THE CLEAN UP of north Wexford took place last week following Christmas Day flooding that saw people needing to be rescued from cars in Castletown, houses being pumped out in Riverchapel and businesses damaged in Ballycanew.
The heavy rain began at about 2 p.m. in the afternoon and soon took hold which called emergency services into action.
Edward Rossiter of Gorey Fire Service said that it’ll be a long time before he forgets the “freak event” on Christmas Day which had the crews out for close to 12 hours answering emergency calls.
“We got called first around 2.30 p.m. to the motorway and it not long at that when we were called to a second one. We knew then there was going to be more as the motorway was flooded on both sides between junction 24 and 25. We called Arklow and Carnew crews in to close the motorway and try alleviate the flood waters. We had nowhere we could pump water to as it was flowing in from both sides of the road.
“One man was trapped in a van at the Ahare river in Castletown as there was fairly rapid moving water there at the time so we had to rescue him, but a lot of people got stuck in their cars”.
Calls continued until around 1.30 a.m. on St Stephen’s Day.
“We had eight flood related calls and due to the amount of calls, we had to close the roads using cones and signs as there was nothing else we could do. We had people travelling roads that were just impassable, and you wouldn’t get the fire engine down never mind a car,” said Edward.
Ballycanew was badly hit, while calls came from Gorey town, Inch and Coolgreany but it was Courtown and Rivercapel where devastation could be seen as houses had to be pumped.
"We attended two houses in Riverchapel, one was flooded and was pumped out while one was just about to be flooded and we stopped that. We didn’t get to every house, but we saw Christmas presents damaged as well and it’s not nice and no amount of money changes it.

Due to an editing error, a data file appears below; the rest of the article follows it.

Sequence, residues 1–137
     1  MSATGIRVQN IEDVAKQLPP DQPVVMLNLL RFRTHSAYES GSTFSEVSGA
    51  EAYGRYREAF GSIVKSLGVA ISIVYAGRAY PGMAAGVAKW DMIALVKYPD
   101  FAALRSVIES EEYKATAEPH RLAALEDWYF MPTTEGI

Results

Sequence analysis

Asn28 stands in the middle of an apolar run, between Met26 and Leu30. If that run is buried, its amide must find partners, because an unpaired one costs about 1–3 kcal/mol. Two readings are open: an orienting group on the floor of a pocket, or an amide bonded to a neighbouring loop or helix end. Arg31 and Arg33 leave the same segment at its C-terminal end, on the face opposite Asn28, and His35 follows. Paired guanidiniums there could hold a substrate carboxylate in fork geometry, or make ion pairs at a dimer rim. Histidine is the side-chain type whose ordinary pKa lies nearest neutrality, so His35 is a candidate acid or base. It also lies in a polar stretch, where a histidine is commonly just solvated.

"I imagine the clean up will go on for a long time after seeing some of the state of the roads and things washed away”.
Mr Rossiter encouraged homes and businesses to avail of the Humanitarian Assistance scheme saying that it won’t change what has happened but might provide some relief.
He added that this type of weather may be more prominent in the future.
“It’s hard to know the reason for it but climate change is having an effect as this again was a high quantity of rain in a small time and severe flooding”.
One business badly hit was Springmount Garden Cetnre in Ballycanew, and amid cleaning up, owner Elaine Warren said the team are on track to get open today (Tuesday, January 4).
“When we first came in we saw water seeping through. I was very lucky that I had people there to help and we began by trying to raise as many things as possible off the ground. We did as much as we could until we could do no more, and a certain amount of stock has been damaged beyond repair. We will try avail of the relief scheme but for now, we decided to just put everything that’ll be written off on trollies to get it out of sight.